July 25, 2019 Ryukyu Shimpo
Last year, the Japan National Governors’ Association (chaired by Kiyoshi Ueda, governor of Saitama Prefecture) adopted a proposal requesting that the State drastically revise the U.S.-Japan Status of Forces Agreement (SOFA). This year the conference was held in Toyama Prefecture and on July 24, the final day of the conference, Okinawa Governor Denny Tamaki said, “I hope governors from all over the country cooperate [to make good on the proposal].” Other prefectural governors also expressed the opinion that it is essential to take initiative from the perspective of protecting Okinawans’ safety and local automony, and again affirmed that this would be dealt with as a national matter.
Governor Tamaki distributed a written report, compiled by the Okinawa Prefectural Government, about the status of forces agreements that the U.S. has with other countres including Germany and Italy. The report states that SOFAs with European countries guarantee that the laws and ordinances of each respective country apply to the U.S. military, controls on their activities, and the right to enter the base compounds. It points out that this differs greatly from the SOFA between the United States and Japan, which does not guarantee that domestic laws apply to the U.S. military, and does not guarantee the right to enter U.S. military base compounds.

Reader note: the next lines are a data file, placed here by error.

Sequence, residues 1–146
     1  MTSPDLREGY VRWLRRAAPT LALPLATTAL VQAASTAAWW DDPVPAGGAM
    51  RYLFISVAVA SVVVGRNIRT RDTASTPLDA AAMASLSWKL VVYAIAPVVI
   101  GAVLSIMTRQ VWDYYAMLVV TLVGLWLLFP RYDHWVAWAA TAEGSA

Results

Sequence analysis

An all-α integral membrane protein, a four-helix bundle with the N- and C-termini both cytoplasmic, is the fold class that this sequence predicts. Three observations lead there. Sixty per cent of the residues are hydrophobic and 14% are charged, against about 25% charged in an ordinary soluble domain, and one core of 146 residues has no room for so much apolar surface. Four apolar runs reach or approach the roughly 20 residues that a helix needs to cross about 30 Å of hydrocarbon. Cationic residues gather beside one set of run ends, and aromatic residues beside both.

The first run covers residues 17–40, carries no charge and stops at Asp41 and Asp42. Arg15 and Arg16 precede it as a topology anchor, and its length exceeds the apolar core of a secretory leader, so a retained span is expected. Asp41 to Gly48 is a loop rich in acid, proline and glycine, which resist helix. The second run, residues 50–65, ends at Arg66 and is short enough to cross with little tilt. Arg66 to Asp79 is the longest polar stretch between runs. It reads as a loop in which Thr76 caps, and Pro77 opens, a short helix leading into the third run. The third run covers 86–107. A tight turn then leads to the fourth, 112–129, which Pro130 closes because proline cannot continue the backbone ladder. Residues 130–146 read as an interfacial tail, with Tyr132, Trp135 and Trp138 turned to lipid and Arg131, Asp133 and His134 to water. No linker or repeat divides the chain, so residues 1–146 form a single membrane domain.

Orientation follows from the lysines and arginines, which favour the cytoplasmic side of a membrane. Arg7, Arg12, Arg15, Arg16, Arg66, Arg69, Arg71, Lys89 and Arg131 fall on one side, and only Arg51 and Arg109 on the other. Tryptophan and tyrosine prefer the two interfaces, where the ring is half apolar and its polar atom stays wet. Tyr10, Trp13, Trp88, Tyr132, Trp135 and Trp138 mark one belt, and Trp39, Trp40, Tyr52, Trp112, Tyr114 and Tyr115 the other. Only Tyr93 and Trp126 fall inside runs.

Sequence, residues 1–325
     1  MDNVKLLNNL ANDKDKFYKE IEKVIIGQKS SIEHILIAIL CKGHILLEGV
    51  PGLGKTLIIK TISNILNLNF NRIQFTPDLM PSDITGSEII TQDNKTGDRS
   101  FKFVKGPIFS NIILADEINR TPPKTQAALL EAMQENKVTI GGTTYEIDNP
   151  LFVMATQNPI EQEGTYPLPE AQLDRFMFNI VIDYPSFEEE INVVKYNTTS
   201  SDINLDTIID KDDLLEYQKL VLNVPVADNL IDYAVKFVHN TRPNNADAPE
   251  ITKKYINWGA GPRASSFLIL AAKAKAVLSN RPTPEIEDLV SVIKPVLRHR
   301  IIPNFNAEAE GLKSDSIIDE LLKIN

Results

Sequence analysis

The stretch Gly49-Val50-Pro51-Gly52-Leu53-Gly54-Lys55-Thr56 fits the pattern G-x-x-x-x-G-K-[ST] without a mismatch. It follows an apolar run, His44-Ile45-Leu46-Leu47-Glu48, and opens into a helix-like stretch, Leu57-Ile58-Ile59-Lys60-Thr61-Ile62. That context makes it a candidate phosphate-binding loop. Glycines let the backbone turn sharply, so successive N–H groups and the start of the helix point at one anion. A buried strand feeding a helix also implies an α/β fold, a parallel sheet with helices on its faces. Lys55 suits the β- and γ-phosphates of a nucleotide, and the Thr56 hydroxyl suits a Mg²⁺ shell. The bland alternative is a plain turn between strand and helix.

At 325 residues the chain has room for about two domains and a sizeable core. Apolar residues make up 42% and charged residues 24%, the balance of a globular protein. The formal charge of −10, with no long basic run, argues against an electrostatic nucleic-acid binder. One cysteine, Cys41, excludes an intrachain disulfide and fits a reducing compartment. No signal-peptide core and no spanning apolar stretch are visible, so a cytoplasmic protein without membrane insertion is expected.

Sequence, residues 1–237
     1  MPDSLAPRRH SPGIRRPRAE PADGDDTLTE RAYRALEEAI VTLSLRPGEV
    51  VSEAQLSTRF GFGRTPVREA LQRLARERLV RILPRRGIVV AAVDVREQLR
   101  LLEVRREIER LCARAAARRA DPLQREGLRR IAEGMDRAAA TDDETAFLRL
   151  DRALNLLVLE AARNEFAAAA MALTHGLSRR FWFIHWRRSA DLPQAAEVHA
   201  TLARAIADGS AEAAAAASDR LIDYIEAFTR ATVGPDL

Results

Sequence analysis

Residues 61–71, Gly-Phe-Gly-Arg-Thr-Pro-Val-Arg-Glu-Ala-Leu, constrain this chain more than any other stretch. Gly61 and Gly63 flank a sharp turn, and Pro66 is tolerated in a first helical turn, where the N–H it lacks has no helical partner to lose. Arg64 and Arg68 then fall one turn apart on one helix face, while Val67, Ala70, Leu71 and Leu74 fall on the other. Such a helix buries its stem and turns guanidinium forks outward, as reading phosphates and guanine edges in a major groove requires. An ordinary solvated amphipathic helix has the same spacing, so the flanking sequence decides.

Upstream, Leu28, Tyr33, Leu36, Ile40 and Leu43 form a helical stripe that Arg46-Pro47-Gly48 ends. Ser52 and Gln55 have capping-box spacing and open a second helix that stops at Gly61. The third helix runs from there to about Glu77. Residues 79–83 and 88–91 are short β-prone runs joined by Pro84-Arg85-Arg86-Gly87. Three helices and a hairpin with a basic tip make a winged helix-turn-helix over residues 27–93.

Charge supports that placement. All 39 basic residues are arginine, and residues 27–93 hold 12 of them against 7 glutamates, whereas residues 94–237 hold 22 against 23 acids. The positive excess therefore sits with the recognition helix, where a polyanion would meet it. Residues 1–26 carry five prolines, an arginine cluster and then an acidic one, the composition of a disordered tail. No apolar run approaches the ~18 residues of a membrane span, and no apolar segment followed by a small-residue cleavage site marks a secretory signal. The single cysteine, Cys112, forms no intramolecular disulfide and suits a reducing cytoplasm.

Upon receiving this information, governors from across the country one after another stated that they share awareness of the issue. Takuya Tasso, the governor of Iwate Prefecture, said, “It is extremely problematic that the U.S. military is not required to follow democratic regulations in way that Japanese citizens are, both from the perspective of local autonomy and citizen safety, and from the perspective of promoting welfare.” Governor Taizo Mikazuki of Shiga Prefecture agreed, “It is crucial that we pursue more investigations concerning local automony and democracy, and make efforts in solidarity [with Okinawa].”
Masanao Ozaki, governor of Kochi Prefecture, mentioned elementary school pupils crying and screaming during low-altitude flying exercises by the U.S. military to stress the indespensibility of information about flights being provided beforehand. Governor Toshizo Ido of Hyogo Prefecture spoke about how in May this year, the U.S. military began making official announcements on the internet if U.S. military aircraft would potentially be flying in the skies over Hyogo. He said, “It is essential for there to be a basic policy for officially announcing information relating to the U.S. military.”
(English translation by T&CT and Erin Jones)